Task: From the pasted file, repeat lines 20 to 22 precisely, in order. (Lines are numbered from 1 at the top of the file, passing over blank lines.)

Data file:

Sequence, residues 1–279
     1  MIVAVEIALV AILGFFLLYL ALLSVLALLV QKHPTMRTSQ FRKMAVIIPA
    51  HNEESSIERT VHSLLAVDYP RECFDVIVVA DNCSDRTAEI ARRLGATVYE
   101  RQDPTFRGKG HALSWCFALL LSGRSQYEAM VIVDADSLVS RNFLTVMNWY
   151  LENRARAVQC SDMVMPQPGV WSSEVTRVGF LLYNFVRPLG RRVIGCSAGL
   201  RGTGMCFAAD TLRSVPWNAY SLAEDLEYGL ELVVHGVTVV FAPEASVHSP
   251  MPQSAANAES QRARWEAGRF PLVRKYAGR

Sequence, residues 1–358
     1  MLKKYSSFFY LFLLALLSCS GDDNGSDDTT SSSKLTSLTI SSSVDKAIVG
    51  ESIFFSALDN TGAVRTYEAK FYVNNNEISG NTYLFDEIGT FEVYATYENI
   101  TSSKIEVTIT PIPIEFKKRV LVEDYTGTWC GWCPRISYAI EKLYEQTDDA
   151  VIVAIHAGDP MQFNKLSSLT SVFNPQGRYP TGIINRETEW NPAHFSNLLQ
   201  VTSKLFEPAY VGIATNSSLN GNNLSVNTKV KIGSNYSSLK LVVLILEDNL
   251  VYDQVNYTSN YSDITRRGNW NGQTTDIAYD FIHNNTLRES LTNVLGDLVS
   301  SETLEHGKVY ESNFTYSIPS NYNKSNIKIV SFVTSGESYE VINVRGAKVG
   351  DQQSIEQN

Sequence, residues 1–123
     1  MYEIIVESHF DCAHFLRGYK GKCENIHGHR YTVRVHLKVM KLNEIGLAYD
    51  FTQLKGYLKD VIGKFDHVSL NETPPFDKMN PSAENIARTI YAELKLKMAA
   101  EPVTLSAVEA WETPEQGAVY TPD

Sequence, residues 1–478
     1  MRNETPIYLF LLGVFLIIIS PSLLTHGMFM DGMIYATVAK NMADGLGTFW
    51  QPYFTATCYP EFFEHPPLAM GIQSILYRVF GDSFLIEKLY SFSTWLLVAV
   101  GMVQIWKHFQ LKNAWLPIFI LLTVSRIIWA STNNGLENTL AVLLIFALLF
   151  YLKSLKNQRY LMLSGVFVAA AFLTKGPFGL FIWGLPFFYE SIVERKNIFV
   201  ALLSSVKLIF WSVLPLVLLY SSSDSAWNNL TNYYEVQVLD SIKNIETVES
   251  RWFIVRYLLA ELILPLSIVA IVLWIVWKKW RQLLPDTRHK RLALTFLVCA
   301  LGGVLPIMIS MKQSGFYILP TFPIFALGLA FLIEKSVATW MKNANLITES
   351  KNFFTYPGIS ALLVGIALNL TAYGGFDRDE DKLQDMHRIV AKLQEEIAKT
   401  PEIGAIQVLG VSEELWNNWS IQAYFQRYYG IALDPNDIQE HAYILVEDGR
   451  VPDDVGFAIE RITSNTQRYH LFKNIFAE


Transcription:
   101  EPVTLSAVEA WETPEQGAVY TPD

Sequence, residues 1–478
     1  MRNETPIYLF LLGVFLIIIS PSLLTHGMFM DGMIYATVAK NMADGLGTFW